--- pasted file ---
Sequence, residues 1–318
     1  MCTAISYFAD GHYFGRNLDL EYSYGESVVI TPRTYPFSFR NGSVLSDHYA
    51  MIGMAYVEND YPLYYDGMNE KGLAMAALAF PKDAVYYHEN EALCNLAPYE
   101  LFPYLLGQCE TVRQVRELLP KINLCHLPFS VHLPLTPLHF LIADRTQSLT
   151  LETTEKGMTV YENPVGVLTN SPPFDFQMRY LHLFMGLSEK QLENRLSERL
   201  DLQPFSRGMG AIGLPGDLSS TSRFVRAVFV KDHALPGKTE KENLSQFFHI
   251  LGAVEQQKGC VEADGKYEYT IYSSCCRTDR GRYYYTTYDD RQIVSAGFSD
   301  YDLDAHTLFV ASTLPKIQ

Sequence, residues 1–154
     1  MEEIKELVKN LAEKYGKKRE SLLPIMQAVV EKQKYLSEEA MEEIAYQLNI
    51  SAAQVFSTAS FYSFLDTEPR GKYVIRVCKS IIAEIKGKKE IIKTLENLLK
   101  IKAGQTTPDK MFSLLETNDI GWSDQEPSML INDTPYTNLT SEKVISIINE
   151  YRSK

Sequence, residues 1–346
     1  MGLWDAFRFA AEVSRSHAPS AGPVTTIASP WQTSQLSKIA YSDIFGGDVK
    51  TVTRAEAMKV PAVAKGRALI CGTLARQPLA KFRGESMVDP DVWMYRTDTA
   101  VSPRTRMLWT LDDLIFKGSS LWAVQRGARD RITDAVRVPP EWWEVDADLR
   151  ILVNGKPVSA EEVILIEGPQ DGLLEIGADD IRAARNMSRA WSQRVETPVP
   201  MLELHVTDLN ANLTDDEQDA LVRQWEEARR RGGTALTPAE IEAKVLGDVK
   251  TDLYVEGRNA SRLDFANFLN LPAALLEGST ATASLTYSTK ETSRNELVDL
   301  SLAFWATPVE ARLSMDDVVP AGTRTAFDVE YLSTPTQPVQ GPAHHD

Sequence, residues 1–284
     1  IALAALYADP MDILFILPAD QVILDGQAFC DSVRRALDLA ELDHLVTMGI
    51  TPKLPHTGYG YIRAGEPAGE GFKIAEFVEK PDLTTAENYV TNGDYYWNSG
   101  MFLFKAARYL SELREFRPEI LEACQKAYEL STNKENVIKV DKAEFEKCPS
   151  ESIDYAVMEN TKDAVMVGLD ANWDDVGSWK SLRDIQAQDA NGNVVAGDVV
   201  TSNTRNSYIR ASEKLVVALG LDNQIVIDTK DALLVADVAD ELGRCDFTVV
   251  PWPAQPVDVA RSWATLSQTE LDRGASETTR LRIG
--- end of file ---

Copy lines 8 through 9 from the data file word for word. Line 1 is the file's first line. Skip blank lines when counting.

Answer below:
   301  YDLDAHTLFV ASTLPKIQ

Sequence, residues 1–154